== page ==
Clues and Strategies:
Let's walk through a puzzle together. These approaches are helpful tips to solve
Kenken. However, we don't recommend following these steps robotically. As you do
more and more of these puzzles, you'll soon realize that all these verbose explanations
are just momentary mind processes.
★☆★ There is more than one path to solve each puzzle. The path
below for this particular example includes the most helpful and common strategies
in the game, so don't worry if you can't understand all these at once. A working
solution is always good!
- First, fill in those squares that stand by themselves, so we have
- Then look at the highlighted squares
here, because it's a 7-by-7 puzzle, the only possibility is 7 and 1. We don't
really need to worry about how the numbers fit in, but keep in mind that these squares
- Now consider these. We have
couple combinations that work for this case:
1-6-1 or any order of 1-2-3. BUT, from 2. we learn that 1-6-1 won't work
since that will make two 1's in the first column. So they must be filled with 1,
2, and 3. And A-ha! We already have a 2 in the puzzle, therefore we arrive at this after some close analysis.
- Look for products that are multiples of 5. In particular,
these (the gray area is pretty difficult to attack on because it can be any
order of 1-2-3-5 and 1-6-1-5). We can easily make some notes to get
***Similar approach can be done to those with a factor 7.
- Here's a tricky yet helpful part. The sum of each column is 28 (1+2+3+...+7), thus
the sum of the first two columns is 56 (28x2=56).
Right now, we know that the green, orange, and pink areas add up to 4, 8,
and 11, respectively (blue is 18 as given). Therefore, the bottom 12 squares in
these columns have a total of 49 (2 + 4
+ 8 + 2 + 4 +
18 + 11), which means
the top two squares have a sum 7. The two numbers also differ by 1, so they must
be 3 and 4, and because we have a 4 below, the grid looks like
- With the 3, 4 we just filled in, the only possibility for the 9+ at the top
right must be 2-7 (or 7-2). And for the 4- at bottom right, it has to be
some order of 3 and 7 because 2-6 and 1-5 won't fit in that row.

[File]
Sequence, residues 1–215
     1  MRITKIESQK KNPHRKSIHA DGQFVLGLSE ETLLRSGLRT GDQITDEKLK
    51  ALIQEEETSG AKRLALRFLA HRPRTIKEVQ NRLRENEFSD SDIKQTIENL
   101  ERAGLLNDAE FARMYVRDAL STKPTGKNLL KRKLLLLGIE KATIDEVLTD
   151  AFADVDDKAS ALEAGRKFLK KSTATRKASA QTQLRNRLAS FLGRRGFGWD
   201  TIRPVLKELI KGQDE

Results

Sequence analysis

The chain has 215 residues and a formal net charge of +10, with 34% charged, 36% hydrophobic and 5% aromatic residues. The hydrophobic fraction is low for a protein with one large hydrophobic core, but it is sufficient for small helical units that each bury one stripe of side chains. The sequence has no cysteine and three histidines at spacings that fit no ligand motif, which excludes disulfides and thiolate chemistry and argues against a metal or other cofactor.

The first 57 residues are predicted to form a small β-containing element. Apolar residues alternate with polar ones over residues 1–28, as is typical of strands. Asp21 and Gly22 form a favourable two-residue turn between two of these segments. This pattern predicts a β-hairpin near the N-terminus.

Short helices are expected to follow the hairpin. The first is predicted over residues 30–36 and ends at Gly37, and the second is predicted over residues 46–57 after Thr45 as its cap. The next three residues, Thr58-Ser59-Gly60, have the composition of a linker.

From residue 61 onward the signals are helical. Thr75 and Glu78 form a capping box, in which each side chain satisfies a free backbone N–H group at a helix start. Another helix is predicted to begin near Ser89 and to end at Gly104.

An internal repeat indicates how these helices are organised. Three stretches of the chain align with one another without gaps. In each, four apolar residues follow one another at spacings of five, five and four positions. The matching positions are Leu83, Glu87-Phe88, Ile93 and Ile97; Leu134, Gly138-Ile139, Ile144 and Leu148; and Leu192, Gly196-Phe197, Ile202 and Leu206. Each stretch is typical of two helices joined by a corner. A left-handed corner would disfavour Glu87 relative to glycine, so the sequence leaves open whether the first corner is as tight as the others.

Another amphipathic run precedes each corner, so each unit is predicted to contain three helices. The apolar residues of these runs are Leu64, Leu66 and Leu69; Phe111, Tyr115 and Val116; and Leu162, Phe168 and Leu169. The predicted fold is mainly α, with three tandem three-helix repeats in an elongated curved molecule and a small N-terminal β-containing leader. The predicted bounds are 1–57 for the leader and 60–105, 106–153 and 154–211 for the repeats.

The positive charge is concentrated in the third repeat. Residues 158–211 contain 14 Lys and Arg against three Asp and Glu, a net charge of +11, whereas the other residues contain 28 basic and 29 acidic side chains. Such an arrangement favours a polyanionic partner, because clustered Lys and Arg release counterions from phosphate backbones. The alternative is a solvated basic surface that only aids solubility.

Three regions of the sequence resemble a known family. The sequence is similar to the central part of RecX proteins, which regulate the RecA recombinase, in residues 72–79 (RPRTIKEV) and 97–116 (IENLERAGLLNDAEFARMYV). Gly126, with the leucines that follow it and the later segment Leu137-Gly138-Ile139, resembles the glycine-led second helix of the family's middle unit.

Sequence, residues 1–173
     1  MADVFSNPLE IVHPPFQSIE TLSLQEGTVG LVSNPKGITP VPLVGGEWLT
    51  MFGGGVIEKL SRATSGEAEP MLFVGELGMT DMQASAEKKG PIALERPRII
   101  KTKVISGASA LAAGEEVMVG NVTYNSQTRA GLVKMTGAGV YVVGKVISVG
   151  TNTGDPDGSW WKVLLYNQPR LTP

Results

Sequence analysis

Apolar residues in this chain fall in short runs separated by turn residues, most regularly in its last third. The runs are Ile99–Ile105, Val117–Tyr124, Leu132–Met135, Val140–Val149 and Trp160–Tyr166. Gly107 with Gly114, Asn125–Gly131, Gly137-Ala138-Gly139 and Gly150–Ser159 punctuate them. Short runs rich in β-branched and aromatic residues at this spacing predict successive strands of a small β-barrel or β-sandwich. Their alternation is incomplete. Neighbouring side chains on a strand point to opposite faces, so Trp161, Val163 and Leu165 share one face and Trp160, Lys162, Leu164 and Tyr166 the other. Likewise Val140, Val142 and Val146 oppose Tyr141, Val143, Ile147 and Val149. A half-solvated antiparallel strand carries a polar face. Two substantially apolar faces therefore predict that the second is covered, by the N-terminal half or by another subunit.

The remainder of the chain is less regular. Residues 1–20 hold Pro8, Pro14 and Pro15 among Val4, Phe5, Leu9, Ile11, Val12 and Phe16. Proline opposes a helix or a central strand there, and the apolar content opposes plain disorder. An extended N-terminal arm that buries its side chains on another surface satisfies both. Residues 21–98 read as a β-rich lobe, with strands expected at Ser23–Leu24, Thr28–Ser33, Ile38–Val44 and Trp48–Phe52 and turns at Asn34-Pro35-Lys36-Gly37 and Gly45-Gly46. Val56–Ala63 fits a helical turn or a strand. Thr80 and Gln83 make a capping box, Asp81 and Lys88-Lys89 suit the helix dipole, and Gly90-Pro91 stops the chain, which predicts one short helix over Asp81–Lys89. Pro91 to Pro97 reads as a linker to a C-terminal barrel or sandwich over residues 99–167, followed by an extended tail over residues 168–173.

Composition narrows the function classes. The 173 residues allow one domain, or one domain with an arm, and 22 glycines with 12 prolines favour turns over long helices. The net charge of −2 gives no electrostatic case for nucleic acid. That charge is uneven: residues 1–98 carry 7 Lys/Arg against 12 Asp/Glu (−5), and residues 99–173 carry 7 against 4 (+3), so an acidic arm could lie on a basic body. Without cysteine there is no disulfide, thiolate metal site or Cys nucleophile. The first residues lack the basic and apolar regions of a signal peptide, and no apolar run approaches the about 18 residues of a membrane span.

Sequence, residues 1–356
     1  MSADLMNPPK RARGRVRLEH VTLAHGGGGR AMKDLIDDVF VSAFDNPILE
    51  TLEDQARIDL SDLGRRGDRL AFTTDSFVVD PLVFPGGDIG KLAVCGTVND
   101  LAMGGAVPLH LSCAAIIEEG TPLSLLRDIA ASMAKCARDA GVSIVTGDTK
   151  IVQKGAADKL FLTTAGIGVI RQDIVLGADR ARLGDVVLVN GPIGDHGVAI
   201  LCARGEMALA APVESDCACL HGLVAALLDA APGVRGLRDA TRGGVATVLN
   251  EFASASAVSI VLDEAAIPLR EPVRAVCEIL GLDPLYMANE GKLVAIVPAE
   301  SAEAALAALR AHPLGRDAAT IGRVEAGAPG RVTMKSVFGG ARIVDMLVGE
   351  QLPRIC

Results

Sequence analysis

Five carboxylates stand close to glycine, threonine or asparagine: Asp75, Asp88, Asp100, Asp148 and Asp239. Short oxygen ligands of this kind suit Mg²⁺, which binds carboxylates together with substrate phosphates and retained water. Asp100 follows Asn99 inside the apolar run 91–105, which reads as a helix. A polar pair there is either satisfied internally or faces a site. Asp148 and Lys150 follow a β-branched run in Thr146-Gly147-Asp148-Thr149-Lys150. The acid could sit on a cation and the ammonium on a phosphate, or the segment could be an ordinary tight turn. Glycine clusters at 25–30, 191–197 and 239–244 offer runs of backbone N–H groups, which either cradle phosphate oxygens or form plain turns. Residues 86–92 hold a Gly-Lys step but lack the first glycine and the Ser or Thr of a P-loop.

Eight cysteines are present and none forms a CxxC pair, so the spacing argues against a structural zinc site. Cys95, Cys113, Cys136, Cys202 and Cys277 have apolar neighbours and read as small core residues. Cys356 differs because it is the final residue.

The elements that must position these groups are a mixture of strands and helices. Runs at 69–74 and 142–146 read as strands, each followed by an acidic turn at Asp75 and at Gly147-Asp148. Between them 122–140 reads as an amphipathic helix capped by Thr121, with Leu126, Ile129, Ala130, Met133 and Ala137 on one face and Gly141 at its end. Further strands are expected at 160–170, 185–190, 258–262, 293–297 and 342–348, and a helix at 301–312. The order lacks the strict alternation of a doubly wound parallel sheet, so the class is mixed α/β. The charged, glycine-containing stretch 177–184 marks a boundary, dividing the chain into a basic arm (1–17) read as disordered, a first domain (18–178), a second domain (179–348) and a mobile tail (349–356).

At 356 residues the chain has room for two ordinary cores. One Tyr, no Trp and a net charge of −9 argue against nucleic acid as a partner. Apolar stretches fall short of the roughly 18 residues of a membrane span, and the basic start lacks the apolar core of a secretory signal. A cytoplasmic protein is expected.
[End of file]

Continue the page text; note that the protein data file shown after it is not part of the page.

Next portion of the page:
Here is how the puzzle looks at this moment. Notice that 3 is "reserved"
in the right-most column? Quickly a few other digits can be
- The only 3 numbers left in the right-most column are 1, 4, and 6. Only 1-4 satisfy
the 3-. We can easily fill in the 6 (and thus the 4 to its left) like
- You may get stuck now, but contemplate on the last two blanks in the top row; they
are 5 and 6, and 6 goes with a 5 (Know why? Because 7 is already in the next row.)
It's a rare case, but this time 5 can't be above a 6. Otherwise, swapping those
two rectangles won't create any difference (Think closely and you'll realize why.),
which contradicts to the fact that there's exactly one final solution. So 5 pairs
with 4. (Apply the exact same analysis to the 18+ on the bottom left side
of the puzzle and you'll see where 7 goes into.) Now shift your focus to the 3rd
column from the left. The two squares on top add up to 11 (6+5) or 9 (5+4), the
middle three 14, making it a grand total of 25 or 23. The other two can only have
a sum of 3 or 5. But only the former case works; you have one number "x" and another
"2x", giving you a sum that is a multiple of 3. We can go back and label more squares.
- Continuing on the previous step, we can fill in the 3-5 on the far right and 1-3
in the second column, which leaves 6 in the last blank of the second row.
- Use a similar procedure in step 5 and you'll find out
this and this (from step
- There in that 36x, the two spots must be
6 on the left and 1 on the right (2-3 or 3-2 is impossible with the 3 in the
- Things start to fall into place. Using elimination or any other knowledge you have,
fill in the rest and you'll arrive at the
- If all attempts fail, it never harms to follow your instincts and make some guesses.
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